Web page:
“The goals of putting out the statement were to publicly alleviate fear and ensure our community that everyone will be treated with dignity and respect,” McLeod wrote in an email to the Daily. “Although this has always been our mission, it seemed important at this time to say it publicly and have our community representatives and elected officials sign on to that statement.”
Dale Bryan, who, aside from his role as assistant director of Peace and Justice Studies, is co-director of the Medford Conversations project, highlighted the racial, ethnic and generational diversity of the city’s population.
The topic of Medford Conversations’ Winter Conversation Series, titled “Who Belongs? Dialogues about Race and Ethnicity in Medford and Beyond,” was selected during the presidential primaries earlier this year and reflects the concerns of Medford residents who participated in the project’s events, according to Bryan.
Neither McLeod nor Bryan has heard of any calls to make Medford a sanctuary city, although Bryan noted that the Medford Community Coalition had sent an email to Burke in mid-November calling for her to issue a statement of inclusivity.
McLeod said that a possible reason she has not received sanctuary city requests is that Medford police have not participated in ICE efforts such as Secure Communities, which encouraged local jurisdictions to help federal authorities identify undocumented immigrants.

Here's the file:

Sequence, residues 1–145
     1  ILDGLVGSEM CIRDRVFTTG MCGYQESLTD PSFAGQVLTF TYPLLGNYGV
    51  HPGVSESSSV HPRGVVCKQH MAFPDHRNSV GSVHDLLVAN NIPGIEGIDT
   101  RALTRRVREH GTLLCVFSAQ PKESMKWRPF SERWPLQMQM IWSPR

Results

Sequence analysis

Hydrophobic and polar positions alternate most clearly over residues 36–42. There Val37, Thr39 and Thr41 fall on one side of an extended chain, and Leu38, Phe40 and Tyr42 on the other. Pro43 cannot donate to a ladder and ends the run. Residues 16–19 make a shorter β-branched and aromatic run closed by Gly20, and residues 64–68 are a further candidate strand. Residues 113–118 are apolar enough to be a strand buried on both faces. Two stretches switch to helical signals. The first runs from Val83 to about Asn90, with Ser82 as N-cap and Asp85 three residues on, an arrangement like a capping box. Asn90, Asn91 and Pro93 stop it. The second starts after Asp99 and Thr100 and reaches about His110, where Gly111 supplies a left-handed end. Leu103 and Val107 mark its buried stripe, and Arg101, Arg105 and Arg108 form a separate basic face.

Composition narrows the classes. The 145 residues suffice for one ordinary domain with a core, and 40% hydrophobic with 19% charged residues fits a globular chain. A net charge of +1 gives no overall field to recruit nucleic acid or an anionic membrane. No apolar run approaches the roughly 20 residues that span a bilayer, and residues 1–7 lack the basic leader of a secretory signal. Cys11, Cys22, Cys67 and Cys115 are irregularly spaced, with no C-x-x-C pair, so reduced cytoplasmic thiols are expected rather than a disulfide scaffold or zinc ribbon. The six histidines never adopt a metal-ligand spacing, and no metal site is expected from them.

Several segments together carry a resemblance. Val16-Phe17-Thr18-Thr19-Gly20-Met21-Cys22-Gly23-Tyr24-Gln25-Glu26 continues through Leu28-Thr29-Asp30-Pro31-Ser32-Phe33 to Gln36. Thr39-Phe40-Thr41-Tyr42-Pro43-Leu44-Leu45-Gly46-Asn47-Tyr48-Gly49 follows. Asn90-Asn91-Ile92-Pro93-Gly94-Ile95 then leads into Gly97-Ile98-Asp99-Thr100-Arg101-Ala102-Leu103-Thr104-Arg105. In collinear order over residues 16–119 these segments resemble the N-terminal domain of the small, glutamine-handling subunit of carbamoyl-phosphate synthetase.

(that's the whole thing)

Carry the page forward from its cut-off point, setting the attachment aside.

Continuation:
“They do not report illegal immigrants who are stopped for minor infractions,” McLeod said. “Our police chief is, and has been, a member of the Medford Human Rights Commission (HRC) for many, many years.”
According to McLeod, the HRC leads the city in community building, race relations and inclusivity efforts.
“The HRC is continuously community building and discussing issues such as race, ethnicity and equality as these issues are and will always be part of our community,” she wrote. “We constantly strive to make Medford a welcoming community.”
Max Lalanne and Rebecca Redelmeier contributed reporting on this article.